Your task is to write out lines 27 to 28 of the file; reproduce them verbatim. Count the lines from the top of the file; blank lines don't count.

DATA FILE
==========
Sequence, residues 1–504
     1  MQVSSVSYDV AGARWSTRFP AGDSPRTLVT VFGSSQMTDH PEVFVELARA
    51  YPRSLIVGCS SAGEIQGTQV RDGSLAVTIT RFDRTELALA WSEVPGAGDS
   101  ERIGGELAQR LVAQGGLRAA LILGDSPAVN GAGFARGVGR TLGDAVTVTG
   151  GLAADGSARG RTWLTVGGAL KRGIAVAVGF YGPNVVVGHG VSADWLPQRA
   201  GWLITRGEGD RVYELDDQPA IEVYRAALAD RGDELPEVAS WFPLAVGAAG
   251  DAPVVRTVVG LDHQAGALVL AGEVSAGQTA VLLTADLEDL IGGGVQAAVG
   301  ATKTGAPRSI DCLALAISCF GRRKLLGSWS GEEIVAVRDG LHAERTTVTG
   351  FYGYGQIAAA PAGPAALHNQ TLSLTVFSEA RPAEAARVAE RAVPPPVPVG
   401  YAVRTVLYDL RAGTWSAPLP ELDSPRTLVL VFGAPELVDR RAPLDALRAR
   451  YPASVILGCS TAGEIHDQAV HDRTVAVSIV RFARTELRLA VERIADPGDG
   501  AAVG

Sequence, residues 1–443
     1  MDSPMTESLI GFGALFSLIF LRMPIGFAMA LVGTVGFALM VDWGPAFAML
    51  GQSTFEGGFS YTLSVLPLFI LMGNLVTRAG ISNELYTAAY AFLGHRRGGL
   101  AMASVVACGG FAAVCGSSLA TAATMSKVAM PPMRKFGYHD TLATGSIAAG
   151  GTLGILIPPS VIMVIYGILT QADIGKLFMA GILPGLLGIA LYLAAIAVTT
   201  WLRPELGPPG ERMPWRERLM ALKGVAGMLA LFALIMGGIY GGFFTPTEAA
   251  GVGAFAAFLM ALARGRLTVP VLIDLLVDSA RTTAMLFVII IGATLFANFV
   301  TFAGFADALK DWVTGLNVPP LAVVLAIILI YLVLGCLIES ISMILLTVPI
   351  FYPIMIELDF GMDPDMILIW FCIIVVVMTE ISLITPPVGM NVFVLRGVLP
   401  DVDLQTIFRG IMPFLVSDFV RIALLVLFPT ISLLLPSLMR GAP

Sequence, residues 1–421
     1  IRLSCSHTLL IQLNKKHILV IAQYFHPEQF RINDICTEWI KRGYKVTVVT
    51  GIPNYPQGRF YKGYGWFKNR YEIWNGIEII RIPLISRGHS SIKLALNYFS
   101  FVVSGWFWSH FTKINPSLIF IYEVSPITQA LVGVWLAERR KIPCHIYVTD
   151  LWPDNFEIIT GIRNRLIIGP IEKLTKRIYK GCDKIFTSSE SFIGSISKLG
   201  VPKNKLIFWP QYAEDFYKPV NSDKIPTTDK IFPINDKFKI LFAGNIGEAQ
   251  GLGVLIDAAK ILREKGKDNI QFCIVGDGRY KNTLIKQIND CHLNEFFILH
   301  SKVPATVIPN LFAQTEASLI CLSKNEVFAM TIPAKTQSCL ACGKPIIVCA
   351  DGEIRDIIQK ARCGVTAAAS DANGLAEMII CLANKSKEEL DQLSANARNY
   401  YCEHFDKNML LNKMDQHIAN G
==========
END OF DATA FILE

   151  LWPDNFEIIT GIRNRLIIGP IEKLTKRIYK GCDKIFTSSE SFIGSISKLG
   201  VPKNKLIFWP QYAEDFYKPV NSDKIPTTDK IFPINDKFKI LFAGNIGEAQ